Cedar Strip Kayak Building: Strong Enough?
Cedar Strip Kayak Building: Hatch Lips and More

Boatbuilder's Curse

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Dick Mahler's three part Pygmy Arctic Tern 14 built by Pete Roszyk, Ted and Holly Henry's Redfish Silver and Redfish King, at R2K5

Strip builders are all perfectionists. Have you ever been to one of those wooden kayak rendezvous like R2K5?  After they unload their kayaks everyone starts rubbing them down with some kind of automotive polish. Then  they'll discuss the virtues of whatever product they're using. Next topic is oil-based vs water-based polyurethane, or staple vs stapleless construction. I'm no different. For instance, I hereby declare that STAPLELESS CONSTRUCTION is now the new standard! Stripbuilding takes so long that the amount of time you can save by using staples is really insignificant.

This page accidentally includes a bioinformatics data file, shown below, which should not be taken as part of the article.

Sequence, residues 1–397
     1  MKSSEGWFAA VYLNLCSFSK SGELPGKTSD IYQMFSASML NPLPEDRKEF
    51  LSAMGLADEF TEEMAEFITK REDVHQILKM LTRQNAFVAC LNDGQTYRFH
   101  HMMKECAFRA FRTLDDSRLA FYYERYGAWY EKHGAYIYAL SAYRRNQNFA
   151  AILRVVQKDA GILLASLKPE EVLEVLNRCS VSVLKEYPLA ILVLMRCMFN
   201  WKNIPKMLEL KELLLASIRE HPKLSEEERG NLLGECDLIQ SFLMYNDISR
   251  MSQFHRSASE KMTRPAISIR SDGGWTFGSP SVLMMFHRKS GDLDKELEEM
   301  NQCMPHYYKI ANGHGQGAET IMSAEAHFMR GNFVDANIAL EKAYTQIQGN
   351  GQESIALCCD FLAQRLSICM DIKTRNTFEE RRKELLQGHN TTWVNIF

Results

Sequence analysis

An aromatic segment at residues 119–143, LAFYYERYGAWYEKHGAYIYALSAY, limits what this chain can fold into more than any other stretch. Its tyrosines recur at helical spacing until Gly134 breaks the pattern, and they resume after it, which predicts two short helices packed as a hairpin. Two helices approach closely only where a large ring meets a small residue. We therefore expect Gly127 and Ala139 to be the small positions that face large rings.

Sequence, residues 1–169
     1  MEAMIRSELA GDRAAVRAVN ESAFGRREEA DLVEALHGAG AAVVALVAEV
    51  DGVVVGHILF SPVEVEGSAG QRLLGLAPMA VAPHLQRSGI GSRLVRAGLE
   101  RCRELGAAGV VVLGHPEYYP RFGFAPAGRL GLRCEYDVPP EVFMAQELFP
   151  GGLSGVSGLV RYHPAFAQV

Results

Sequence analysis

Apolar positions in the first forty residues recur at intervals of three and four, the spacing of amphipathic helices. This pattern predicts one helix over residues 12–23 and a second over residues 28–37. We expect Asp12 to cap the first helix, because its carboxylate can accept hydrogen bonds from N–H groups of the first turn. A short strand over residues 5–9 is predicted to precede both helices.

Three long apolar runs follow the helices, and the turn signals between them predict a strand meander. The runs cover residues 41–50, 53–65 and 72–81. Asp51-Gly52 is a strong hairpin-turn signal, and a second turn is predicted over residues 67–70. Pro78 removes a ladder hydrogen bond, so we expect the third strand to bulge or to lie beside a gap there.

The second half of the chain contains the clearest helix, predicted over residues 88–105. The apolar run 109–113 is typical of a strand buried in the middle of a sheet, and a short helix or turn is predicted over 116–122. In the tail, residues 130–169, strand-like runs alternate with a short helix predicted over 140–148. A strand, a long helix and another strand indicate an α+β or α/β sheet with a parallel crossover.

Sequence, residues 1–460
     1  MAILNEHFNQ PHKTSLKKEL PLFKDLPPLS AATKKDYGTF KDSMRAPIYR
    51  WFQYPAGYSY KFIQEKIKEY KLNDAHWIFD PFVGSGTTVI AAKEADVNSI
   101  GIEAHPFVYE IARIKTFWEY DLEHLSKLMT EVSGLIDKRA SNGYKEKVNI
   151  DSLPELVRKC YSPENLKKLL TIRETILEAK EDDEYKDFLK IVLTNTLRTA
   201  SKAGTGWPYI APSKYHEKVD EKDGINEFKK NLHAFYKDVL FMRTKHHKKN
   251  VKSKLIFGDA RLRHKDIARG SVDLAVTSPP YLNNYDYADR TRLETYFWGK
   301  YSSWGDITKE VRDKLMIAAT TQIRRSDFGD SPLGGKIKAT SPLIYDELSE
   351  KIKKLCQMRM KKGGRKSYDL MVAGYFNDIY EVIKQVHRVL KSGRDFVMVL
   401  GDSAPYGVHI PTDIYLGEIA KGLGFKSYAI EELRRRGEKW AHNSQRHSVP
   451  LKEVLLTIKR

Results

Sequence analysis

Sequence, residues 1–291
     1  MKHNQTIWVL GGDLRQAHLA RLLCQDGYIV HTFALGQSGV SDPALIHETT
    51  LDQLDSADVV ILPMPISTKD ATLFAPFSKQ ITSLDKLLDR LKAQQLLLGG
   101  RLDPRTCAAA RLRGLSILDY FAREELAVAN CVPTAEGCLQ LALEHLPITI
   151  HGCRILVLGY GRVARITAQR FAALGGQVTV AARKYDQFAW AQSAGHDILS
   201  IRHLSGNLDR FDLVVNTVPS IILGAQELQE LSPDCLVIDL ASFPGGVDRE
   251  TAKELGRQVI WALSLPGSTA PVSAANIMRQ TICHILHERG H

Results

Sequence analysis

One of the reasons I like to take a lot of pictures of kayaks is that I refer to them when I'm building.  It helps to see how other people did things and what the completed project is supposed to look like. But after one gains some experience building one starts to look at the boats differently. I used to see the whole boat in it's polished wooden glory, and now I see all the imperfections  -- a little weave of the fiberglass glinting in the sunlight, the barely noticable seam between the deck and hull, the slight irregularity of the hatch edges. I zoom in on a picture to look closely at the unevenness of a composite coaming. If I could, I would close my eyes and run my fingers lightly over the surface to feel for the bumps and valleys. I can never look at a wooden kayak the same way again. It's the boatbuilder's curse. 

 

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